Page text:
Independence Day tornadoes: A different type of Fourth of July excitement
If you’re into finding a holiday tornado, July 4 is likely one of your best bets given its residence in the center of the warm season. Since 2000, only 2005, 2007, and 2008 have seen no tornado touchdowns on the Fourth. In the most recent 20 years, 85 percent of Independence Days saw at least one.
222 tornadoes have been documented on the day since 1950. As we might expect given July’s tornado climatology, parts of the northern and central Plains, as well as the Great Lakes region, appear “favored” to see a July 4 tornado.
Much like the overall tornado record, F/EF0 and F/EF1 tornadoes comprise roughly 80 percent of Independence Day events. There have been 28 strong tornadoes, the majority of which were ranked as 2s. Additionally, 17 have no known rating — likely weak.
There have been two violent tornadoes on July 4:
- July 4, 1957 – An F4 struck southeast Michigan, passing through the northern suburbs of Detroit, and injuring 11 people. There were 10 tornadoes reported that day (and likely more unreported). A majority of those tornadoes were strong, with activity centered on the Great Lakes and Ohio Valley.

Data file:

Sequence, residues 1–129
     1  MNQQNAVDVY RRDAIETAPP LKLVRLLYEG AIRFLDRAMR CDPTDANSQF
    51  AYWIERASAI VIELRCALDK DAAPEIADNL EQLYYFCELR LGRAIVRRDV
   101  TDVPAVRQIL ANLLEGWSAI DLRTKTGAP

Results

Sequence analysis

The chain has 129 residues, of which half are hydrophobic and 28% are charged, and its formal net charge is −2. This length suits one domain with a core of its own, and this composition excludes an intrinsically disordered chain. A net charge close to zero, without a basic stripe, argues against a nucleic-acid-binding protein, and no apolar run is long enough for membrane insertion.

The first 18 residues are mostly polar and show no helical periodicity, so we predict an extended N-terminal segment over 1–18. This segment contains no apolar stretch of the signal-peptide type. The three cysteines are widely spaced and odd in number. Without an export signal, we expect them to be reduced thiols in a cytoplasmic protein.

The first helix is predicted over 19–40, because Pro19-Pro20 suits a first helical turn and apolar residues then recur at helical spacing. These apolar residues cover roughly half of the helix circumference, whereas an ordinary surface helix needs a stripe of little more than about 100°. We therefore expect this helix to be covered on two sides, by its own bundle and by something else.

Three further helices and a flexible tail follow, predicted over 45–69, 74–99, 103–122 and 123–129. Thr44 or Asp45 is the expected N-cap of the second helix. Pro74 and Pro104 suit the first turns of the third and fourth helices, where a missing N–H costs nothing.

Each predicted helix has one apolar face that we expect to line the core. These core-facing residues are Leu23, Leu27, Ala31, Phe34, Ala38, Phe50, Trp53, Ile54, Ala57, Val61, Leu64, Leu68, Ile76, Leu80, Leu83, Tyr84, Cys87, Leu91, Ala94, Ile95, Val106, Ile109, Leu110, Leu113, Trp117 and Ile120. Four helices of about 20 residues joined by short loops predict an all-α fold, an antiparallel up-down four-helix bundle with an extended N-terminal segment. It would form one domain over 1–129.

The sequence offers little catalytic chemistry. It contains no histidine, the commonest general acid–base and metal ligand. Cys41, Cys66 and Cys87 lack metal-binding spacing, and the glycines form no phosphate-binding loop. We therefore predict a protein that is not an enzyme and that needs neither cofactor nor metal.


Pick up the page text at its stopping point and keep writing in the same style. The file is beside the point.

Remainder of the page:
- July 4, 1978 – An F4 traveled 26 miles through rural North Dakota during a severe weather outbreak in the northern Plains. Unfortunately, it found a path along a highway and impacted several towns. Coined the “Elgin Tornado” after the town which took the most extensive damage, it was responsible for 5 fatalities and 35 injuries. It is the deadliest Independence Day tornado and one of the deadliest in North Dakota’s modern history.
Besides the 1978 North Dakota tornado, the only other to cause death on Independence Day occurred in 1970 in Travis County, Texas. 23 July Fourth tornadoes have caused injuries.
July 4, 1995 holds the record for the most Independence Day tornadoes with 15. 1978 (14), 1957 (10), 1994 (10) round out the group featuring 10 or more. More recently, 2010 ranks 6th with 8 and 2011 ranks 7th(tied) with seven.
Interestingly, the top end events for the day are not all that high (fewer than Christmas for example). July is often known for its consistency in lower numbers on a semi regular basis — partly thanks to much of the U.S. being fair game in the period — rather than the feast or famine of some other months.
Data sources include the Storm Prediction Center and the Tornado History Project.
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